How's this for those capitalizing on this week's civil unrest in Ferguson, Mo., following the shooting death of teenager Michael Brown?
Taser International (TASR) climbed 9.4% $13.91 Friday on speculation that its equipment, particularly its Axon video camera recorders, will see broader use by law enforcement agencies.
Police departments in Houston and Fresno, Calf, and recently expanded orders for the camera equipment. Taser says it's also received third-quarter camera orders from 14 other police departments.
A year-long Cambridge University study conducted at the Rialto, Calif., Police Department of officers' use of video cameras showed an 88% reduction in citizen complaints and 60% reduction in use of force, Taser says. Earlier this week, New York federal judge Shira Scheindlin declared that the New York Police Department's stop-and-frisk program was unconstitutional and ordered some NYPD precincts to start using video cameras, saying they would reduce potential constitutional rights violations.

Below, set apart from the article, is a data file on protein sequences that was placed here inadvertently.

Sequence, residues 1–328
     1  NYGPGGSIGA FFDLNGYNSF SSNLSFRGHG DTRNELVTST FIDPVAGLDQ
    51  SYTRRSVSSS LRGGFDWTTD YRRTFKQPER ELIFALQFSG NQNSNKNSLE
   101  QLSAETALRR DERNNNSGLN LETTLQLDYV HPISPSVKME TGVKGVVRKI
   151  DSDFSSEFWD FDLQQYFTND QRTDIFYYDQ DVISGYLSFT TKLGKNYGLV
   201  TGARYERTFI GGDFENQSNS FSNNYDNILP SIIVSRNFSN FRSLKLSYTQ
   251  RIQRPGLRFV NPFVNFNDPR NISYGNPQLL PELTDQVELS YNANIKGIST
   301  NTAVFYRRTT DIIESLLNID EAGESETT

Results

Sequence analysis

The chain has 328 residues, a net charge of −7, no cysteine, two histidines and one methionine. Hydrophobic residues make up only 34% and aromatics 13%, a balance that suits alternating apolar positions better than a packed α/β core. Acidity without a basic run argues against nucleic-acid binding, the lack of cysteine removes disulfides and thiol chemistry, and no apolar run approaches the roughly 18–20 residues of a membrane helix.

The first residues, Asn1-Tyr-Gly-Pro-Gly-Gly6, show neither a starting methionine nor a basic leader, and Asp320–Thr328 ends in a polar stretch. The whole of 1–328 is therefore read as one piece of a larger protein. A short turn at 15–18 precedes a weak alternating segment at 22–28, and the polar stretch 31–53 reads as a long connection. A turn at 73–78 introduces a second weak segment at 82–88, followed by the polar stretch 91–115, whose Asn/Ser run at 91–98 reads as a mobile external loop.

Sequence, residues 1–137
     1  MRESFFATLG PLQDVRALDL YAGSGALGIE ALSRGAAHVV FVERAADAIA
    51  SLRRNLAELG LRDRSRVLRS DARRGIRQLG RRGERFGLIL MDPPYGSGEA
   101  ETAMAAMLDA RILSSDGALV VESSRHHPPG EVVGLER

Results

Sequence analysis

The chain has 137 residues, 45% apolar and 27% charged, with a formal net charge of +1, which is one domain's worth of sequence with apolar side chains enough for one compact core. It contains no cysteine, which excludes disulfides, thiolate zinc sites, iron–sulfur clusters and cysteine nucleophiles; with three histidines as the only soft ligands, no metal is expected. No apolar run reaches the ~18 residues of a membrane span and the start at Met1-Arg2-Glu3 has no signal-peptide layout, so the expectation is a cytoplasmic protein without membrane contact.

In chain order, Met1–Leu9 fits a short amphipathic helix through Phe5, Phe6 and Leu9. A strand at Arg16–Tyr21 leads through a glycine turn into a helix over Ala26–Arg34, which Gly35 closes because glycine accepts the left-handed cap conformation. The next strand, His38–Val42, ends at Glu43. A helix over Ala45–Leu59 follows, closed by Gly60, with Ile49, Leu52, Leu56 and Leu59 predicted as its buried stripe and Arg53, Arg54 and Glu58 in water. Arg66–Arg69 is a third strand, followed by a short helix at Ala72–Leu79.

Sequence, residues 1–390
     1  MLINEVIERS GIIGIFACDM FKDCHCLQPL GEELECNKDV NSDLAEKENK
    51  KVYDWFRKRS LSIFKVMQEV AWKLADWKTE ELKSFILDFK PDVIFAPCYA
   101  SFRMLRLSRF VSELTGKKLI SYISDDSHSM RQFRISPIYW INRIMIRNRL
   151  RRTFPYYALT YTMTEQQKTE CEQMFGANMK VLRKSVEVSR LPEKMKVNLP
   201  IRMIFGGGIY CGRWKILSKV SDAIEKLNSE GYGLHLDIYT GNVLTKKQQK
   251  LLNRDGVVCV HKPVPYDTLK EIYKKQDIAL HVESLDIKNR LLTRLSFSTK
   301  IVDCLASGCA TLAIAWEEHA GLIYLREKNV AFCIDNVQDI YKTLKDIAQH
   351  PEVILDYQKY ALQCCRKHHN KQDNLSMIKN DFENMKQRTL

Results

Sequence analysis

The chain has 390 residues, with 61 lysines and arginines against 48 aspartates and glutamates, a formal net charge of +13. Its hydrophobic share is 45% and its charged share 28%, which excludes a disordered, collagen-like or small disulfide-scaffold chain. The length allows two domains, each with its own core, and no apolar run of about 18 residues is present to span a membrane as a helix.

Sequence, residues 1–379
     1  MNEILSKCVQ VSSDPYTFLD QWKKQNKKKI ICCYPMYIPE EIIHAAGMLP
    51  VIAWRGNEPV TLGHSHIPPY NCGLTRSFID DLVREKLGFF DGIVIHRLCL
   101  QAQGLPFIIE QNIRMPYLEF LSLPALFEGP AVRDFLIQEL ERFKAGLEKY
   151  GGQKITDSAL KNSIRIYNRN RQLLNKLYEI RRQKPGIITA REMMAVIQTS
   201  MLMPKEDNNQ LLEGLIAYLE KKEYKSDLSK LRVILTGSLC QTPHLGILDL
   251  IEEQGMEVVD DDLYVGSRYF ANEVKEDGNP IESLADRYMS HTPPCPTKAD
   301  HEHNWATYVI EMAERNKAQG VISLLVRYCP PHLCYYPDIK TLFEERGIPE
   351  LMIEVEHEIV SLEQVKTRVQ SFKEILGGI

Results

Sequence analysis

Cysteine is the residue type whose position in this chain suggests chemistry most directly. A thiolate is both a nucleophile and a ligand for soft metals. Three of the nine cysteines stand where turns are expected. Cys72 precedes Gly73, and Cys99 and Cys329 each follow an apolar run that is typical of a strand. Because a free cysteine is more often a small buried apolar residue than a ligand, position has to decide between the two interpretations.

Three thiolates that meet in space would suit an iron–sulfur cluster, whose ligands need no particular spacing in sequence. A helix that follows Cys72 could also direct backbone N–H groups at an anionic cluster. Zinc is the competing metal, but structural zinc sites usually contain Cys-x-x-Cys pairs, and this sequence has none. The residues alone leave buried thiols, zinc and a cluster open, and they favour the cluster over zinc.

Taser is best known for its stun guns, which still account for the lion's share of revenue.
For the quarter ended June 30, Taser said stun guns accounted for $32.7 million of $37.2 million in overall sales. But video equipment revenue surged 136% to $4.5 million from the year ago quarter and orders jumped 465% to $11 million from $2 million in the year-ago quarter.